Press "Enter" to skip to content

Posts published in “Guest Posts”

How Do You Solicit Great Advice from Others?

Ella Yeargin 0

Spend time identifying what the problem is.  Before sitting down to write or talk with someone you trust to give you great advice, spend some time working through it, either on paper or aloud. A jumbo-sized Post It can be a great way to brainstorm your approach.  At this stage, don’t edit yourself.   Where are you, and how did you get here? How long has this been a challenge? What steps have you taken (or decided not to take)? What type of advice are you seeking-or not?  Are there any emotions that you’re currently experiencing related to this inquiry? Are you facing any constraints that would get in the way of following any advice that you might receive?  Identify the best person to advise you and reach out to them. Reach out to them using the method of communication that THEY like the most, even if it’s not your preferred method.  Start with the problem that you’re trying to solve. Highlight it, so the advisor knows where to focus their advice.  Include all relevant details. This might include your desired time frame for a response and how you’d like to receive the advice, and it might not include the emotions that you’re experiencing, especially if they’re related in a negative way to the advisor.  Consider letting them know if you’re also reaching out to any additional advisors.  Thank them early and often.  Make a follow up plan.  Clarify what the next steps will be: who will reach out and by…

How Much Would You Have Paid for Good Advice?

Chris Martin 0

In my first two posts, I looked at what makes a good Sage and when or why you might want to pay for Sage advice.  Today, a story about a time I needed advice and how not getting that advice cost me time and money. Literally, years of my life and more than six figures.  This example is personal, and I think it reflects the kind of major life choice that people face.  When your first plan hasn’t worked out and you must pivot to something new, how do you decide the best course of action? “How do you weigh your options during your biggest life fork in the road?” When we met, my wife and I were both teaching ballroom dancing while pursuing careers in musical theater.  After we married, we moved to NYC to pursue that dream.  Fast forward seven years, and now we have a son approaching his third birthday.  Though we focused on auditioning, taking classes, and doing shows, we both had “day” jobs. I was managing and teaching at a ballroom dance studio, and my wife taught English at Berlitz. We had a small rent-controlled apartment on W49th street between 9th and 10th avenue. We loved everything about our life, with one exception: the cost of living. Living in Manhattan was simply too expensive for the three of us. Every year the rent went up, and our income remained about the same. I started juggling balances on credit cards. I’d apply for a new credit card…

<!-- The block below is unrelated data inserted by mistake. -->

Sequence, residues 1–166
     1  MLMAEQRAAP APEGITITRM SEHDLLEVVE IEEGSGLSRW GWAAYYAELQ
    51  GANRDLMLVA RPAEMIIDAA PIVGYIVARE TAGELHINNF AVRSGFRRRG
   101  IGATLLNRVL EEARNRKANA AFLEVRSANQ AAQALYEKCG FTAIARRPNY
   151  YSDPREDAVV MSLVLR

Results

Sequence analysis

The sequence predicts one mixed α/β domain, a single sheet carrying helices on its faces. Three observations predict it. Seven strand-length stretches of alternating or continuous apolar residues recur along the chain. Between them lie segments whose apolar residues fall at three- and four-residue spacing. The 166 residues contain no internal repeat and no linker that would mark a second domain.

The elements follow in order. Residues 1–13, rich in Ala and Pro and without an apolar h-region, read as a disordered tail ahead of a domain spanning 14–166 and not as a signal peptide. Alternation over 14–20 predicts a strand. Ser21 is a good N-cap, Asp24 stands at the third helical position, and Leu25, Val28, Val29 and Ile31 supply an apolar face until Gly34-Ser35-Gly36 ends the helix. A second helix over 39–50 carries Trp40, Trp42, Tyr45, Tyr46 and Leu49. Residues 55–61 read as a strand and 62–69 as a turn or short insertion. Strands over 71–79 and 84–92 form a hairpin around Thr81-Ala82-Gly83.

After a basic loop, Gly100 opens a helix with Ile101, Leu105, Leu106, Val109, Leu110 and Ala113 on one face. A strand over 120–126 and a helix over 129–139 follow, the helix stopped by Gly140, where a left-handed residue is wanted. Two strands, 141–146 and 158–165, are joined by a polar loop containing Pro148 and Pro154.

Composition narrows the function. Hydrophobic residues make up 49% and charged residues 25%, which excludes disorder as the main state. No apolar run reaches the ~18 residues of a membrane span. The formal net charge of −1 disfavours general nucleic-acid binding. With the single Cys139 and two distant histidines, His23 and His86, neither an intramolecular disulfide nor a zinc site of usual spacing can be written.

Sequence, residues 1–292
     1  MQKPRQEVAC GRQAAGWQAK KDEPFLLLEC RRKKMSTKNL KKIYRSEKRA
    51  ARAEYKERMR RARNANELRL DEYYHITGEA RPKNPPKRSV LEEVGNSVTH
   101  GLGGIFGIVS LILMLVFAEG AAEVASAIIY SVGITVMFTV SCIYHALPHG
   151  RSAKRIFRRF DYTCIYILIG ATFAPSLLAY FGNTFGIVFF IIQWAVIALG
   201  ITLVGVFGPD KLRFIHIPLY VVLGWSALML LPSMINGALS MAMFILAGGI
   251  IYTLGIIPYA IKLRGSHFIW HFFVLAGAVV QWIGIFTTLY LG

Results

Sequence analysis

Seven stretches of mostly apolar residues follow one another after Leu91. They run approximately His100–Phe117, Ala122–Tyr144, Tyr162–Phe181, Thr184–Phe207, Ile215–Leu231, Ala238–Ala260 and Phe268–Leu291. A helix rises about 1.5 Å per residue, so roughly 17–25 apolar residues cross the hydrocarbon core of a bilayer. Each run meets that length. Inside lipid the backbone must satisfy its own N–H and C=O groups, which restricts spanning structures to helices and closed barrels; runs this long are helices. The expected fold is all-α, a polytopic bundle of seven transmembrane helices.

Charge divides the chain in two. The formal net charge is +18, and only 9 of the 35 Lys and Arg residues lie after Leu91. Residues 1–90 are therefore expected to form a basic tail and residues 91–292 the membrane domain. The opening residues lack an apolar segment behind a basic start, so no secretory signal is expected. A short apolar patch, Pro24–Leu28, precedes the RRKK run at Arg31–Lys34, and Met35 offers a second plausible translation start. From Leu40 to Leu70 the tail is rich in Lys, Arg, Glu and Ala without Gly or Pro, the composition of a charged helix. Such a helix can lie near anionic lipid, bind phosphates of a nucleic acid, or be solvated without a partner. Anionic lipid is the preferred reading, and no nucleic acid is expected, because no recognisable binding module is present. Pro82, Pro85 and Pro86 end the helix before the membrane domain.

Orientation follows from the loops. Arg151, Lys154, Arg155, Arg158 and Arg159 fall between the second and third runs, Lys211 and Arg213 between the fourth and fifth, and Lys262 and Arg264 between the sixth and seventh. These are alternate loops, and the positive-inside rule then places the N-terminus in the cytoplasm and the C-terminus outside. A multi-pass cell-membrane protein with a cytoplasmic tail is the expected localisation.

Social Media Dangers to the Human Psyche – the Cost/Benefit Dilemma

Shari Botwin 0

The first social media site, Six Degrees, was created in 1997. It allowed users to upload a profile and make friends with other users. Two years later, blogging sites took off. In 2002 Myspace quickly became the most popular site for teens. YouTube launched in 2005, and, shortly after that, Twitter emerged. As these different sites gained momentum, people were reeling from the benefits of social media while also blind to the long term dangers. Entrepreneurs were growing their businesses. Others were connecting with long lost friends from childhood, and many people were accessing information for their physical and mental health conditions. People living in dangerous and abusive relationships finally had resources to access help. Patients diagnosed with terminal or life-threatening illnesses could turn to their social media to find out the latest about medications and clinical trials. When Facebook launched in 2004, no one knew the potential dangers and pitfalls it would have on vulnerable populations, such as people struggling with depression, anxiety, low self-esteem, loneliness, or lack of a strong support system. People began flocking to Facebook and other social media platforms to connect, spread, and seek information and support. But along with opening up a proverbial world of possibilities, the world itself had also opened Pandora’s Box. The world was smart enough to quickly realize the negative possibilities brought on by social media use in teenagers but unable to find effective ways to cope with them. Around 2017, psychologists conducted research, mostly among teens, to test the…